Prior art systems have attempted to solve the problem of less than perfect amplifiers, less than perfect speaker systems, and less than perfect matching of speaker systems to room environment by applying a test signal to the sound transducer system, including an equalizer, which radiates a band of either white or pink noise into the room. The equalizer in such a system comprises a plurality of contiguous narrow filters covering the entire audio band and an adjustable amplitude control device associated with each filter. There was also provided a microphone whose output was applied to some sort of spectrum analyzer to give a display which is observed by an operator and who can plot frequency versus amplitude curve over the entire audio spectrum. The operator would then adjust each of the amplitude control devices in the system to obtain a flat response over the whole spectrum as observed on the panoramic display device.

The disadvantage of this system is that it requires some spectrum analyzer for adjustment which is very expensive and which has to be brought in for each adjustment or readjustment which is not always convenient. Further, such adjustment requires a skilled artisan that could observe and plot the response curves and make the appropriate adjustment. Finally, there was never any assurance that the filters in the spectrum analyzer were the equivalent of the filters in the equalizer and therefore equalization was often inaccurate.


The present invention overcomes the deficiencies of the prior art by providing an equalizing system and method which is less costly, more time saving, more convenient and more accurate than the prior art system discussed above. More specifically, the present invention does not require a spectrum analyzer and there is no need for plotting an amplitude versus frequency graph in order to make appropriate adjustments of the channel amplitude. Also the filters in the equalizer of this invention are used to analyze the response and to make the adjustments.

In accordance with the present invention, an equalizer is provided which initially serves as a means for analyzing and adjusting the signal level from each filter channel from a contiguous set of filters spanning the entire range of the frequency of interest, and thereafter as an equalizer means through which the sound signal is passed from the sound signal generator, such as a microphone, tape recorder or the like, to the speaker system. The equalizer includes a plurality of contiguous narrow band filters and the output of each filter is passed through an amplitude control device such as an attenuator. The outputs of the amplitude control devices are detected and the resulting DC signals are applied to a series of comparator circuits where the output is compared with the reference output, such as a selected filter output signal such as the output from this mid-band frequency, such as 1 KHz. The output signal from the comparators can be applied either to a voltage meter or to an indicator which gives an indication if the signal is outside a selected range.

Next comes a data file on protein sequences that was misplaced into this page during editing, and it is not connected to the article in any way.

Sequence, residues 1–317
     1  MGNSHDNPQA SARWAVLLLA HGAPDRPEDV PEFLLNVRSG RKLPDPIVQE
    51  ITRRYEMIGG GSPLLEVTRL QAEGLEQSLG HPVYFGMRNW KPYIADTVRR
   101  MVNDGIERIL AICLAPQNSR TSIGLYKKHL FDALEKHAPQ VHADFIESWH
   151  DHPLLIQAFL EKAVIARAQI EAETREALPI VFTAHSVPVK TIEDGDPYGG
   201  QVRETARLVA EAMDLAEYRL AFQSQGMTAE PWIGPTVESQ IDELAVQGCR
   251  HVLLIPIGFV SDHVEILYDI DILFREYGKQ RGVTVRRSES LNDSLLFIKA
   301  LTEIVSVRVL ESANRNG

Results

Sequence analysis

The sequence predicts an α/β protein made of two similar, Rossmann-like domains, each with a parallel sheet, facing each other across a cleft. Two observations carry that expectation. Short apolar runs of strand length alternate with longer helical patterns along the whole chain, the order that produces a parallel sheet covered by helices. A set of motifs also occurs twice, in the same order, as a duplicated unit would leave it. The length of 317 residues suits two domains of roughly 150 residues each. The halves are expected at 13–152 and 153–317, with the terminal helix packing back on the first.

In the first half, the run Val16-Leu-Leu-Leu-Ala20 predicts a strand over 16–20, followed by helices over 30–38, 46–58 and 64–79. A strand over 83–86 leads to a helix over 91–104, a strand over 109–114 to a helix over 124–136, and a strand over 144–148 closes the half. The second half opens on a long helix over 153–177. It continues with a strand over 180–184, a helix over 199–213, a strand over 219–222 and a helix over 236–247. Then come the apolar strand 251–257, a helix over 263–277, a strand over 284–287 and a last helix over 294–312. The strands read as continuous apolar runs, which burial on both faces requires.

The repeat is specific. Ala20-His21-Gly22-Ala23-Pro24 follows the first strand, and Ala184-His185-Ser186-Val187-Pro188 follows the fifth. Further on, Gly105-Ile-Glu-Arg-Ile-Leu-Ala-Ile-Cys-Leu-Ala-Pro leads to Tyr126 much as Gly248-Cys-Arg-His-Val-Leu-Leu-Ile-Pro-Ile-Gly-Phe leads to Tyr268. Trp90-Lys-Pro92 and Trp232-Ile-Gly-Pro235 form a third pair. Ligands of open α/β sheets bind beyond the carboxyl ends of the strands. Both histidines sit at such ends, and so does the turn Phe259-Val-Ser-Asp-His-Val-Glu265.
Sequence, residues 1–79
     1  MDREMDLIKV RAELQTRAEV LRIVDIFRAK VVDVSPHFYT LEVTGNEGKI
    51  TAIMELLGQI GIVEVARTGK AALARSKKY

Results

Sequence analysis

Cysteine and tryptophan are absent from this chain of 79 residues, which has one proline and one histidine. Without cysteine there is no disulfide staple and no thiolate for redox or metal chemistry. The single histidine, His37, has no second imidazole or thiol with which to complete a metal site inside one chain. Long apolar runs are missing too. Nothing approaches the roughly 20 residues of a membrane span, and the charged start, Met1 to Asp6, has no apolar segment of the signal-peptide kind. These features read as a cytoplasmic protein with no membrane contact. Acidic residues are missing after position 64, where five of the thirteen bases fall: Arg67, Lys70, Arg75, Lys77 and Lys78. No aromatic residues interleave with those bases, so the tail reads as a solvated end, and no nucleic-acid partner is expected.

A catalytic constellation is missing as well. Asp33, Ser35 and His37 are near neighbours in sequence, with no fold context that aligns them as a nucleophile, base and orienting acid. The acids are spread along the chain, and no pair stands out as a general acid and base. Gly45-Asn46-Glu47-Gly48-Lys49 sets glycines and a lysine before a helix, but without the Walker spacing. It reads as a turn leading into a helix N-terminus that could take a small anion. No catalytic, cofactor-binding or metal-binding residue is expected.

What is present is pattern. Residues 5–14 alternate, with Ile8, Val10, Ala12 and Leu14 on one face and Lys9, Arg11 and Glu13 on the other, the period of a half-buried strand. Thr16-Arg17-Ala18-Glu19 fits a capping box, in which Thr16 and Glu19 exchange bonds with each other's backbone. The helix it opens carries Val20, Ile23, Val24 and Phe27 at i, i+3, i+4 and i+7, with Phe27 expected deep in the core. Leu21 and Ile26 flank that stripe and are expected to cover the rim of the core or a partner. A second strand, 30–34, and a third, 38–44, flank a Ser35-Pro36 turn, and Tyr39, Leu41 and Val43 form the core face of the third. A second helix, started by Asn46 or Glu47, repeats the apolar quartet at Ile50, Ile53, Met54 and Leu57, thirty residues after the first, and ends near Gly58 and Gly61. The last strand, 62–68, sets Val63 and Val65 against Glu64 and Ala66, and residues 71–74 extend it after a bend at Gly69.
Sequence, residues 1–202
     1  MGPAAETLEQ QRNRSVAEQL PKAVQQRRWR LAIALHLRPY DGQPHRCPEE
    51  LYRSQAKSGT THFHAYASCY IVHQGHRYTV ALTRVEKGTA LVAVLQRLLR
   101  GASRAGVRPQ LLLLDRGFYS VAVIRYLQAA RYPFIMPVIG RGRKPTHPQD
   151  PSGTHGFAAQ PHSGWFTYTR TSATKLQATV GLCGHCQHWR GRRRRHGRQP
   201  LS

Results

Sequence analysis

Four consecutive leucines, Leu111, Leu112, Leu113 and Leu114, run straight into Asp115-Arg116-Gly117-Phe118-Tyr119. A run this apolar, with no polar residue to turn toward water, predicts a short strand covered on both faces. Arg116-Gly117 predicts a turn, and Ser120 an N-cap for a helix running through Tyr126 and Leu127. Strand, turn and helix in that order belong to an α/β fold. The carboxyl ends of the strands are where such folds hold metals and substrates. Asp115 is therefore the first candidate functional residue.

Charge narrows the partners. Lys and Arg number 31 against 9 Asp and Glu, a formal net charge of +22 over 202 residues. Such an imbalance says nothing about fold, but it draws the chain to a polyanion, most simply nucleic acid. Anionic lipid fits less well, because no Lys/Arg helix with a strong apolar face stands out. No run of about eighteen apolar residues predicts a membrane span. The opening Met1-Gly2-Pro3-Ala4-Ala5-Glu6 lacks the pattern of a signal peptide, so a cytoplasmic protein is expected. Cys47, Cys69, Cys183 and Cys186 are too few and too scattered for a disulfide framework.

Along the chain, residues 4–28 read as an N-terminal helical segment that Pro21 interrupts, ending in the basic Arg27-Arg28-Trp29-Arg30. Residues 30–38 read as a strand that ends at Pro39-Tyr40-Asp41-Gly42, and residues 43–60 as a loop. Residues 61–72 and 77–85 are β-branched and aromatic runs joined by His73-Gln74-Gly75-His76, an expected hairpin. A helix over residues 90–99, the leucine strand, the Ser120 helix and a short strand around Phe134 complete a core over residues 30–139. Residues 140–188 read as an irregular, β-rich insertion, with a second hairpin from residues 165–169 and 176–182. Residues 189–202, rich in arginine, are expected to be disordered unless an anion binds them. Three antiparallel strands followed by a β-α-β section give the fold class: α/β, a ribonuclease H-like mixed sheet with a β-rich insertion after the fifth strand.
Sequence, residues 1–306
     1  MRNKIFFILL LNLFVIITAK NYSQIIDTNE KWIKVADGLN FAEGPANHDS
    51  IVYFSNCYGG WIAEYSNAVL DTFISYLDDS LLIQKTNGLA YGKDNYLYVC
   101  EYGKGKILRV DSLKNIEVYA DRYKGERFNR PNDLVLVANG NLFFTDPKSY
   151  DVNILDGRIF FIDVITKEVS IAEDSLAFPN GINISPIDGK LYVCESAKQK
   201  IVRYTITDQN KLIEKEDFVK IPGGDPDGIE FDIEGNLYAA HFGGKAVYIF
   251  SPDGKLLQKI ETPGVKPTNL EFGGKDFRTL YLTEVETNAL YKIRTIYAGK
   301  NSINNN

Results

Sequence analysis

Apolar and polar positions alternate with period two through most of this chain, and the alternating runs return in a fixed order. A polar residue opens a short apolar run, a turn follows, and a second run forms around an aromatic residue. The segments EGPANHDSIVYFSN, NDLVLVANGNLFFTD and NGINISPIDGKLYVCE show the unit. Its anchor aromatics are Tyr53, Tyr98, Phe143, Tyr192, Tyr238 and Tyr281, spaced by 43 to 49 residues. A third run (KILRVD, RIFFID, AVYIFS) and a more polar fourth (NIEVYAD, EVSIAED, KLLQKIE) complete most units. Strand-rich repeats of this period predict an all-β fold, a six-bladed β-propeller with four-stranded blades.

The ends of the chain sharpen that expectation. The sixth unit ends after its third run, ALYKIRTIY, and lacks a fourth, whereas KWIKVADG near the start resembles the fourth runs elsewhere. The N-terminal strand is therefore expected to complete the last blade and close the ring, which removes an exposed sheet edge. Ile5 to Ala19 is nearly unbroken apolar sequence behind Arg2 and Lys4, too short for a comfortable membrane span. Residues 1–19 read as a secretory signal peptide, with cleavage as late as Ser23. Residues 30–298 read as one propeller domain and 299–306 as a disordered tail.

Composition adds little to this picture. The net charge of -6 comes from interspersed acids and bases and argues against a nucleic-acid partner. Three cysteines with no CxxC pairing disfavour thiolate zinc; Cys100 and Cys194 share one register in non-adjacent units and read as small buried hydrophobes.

In any case, the output of the comparator is used to adjust the amplitude control device of the respective channel until the meter reading, or indicator output, assumes a desired value or range. After the amplitude control device of each channel is set to provide compared signals of a selected value, the input signal to the equalizer is changed to the sound signal, and the output of the equalizer, which was not used during the equalizer adjustment procedure, is applied to the loudspeaker system to provide an equalized sound system.


FIG. 1 shows a typical sound system in accordance with the present invention in schematic block diagram form, including the switching system to change from test or adjustment mode to operating mode; and

FIG. 2 is a schematic block diagram of a preferred embodiment of the equalizer of this invention, illustrating three channels in detail and additional channels if desired.


Referring now to the drawings, and particularly to FIG. 1 thereof, there is shown the entire sound transducer system of the invention. The heart of the system is equalizer 10 which has an input line 12 and an output line 14. Output line 14 is connected via switch S1 to a loudspeaker system 16 through an amplifier means 18 such as a power amplifier. Loudspeaker system 16 is generally inside a room and a match between the speaker system and the room is desired.

Input line 12 is connected to one pole of a switch S2 which connects either an amplifier 20 or an amplifier 22 to the equalizer 10. Another pole of switch S2 is connected to a bypass line 24 so that amplifier 20 can be connected directly to amplifier 18 without the amplifier signal having to go through equalizer 10. The sound signal which is normally applied to speaker system 16 is schematically shown as sound generator 26 which may be a microphone, a tape recorder, a phonograph, or any other type of device providing a sound signal. Sound signal generator 26 is connected to the input of amplifier 20 through switch S3. There is also provided a reference signal generator 28 which provides either white noise which is substantially flat, or pink noise (which is white with a 3DB per octave roll off.) Finally, a microphone 30 is connected to the input of amplifier 22.

Referring now to FIG. 2, there is shown, in block diagram form, an equalizer 10 constructed in accordance with the present invention. Input line 12 is connected to a plurality of filters of which only three are shown, namely 40a, 40b and 40c. The plurality of filters usually cover the band of the sound frequency of interest and each filter is a narrow band pass filter. Assuming that the plurality of filters is ten, then the following table illustrates the pass band and the center frequency of the ten filters.